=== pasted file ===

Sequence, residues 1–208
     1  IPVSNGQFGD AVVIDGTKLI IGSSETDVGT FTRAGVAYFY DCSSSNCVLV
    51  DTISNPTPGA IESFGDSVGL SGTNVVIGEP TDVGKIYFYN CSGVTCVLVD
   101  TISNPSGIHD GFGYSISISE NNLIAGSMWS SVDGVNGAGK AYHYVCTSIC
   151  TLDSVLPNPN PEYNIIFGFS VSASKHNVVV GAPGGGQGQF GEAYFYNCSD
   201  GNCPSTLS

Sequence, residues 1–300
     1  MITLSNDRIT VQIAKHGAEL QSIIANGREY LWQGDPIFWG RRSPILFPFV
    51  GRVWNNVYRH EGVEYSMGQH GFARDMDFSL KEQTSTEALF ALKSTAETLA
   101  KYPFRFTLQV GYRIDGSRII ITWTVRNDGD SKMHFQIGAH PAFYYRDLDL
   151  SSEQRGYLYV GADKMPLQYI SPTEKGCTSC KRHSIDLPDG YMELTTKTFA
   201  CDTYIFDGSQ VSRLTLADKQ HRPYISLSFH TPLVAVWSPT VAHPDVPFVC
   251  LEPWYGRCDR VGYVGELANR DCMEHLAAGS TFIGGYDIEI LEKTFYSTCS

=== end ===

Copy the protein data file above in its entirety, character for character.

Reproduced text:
Sequence, residues 1–208
     1  IPVSNGQFGD AVVIDGTKLI IGSSETDVGT FTRAGVAYFY DCSSSNCVLV
    51  DTISNPTPGA IESFGDSVGL SGTNVVIGEP TDVGKIYFYN CSGVTCVLVD
   101  TISNPSGIHD GFGYSISISE NNLIAGSMWS SVDGVNGAGK AYHYVCTSIC
   151  TLDSVLPNPN PEYNIIFGFS VSASKHNVVV GAPGGGQGQF GEAYFYNCSD
   201  GNCPSTLS

Sequence, residues 1–300
     1  MITLSNDRIT VQIAKHGAEL QSIIANGREY LWQGDPIFWG RRSPILFPFV
    51  GRVWNNVYRH EGVEYSMGQH GFARDMDFSL KEQTSTEALF ALKSTAETLA
   101  KYPFRFTLQV GYRIDGSRII ITWTVRNDGD SKMHFQIGAH PAFYYRDLDL
   151  SSEQRGYLYV GADKMPLQYI SPTEKGCTSC KRHSIDLPDG YMELTTKTFA
   201  CDTYIFDGSQ VSRLTLADKQ HRPYISLSFH TPLVAVWSPT VAHPDVPFVC
   251  LEPWYGRCDR VGYVGELANR DCMEHLAAGS TFIGGYDIEI LEKTFYSTCS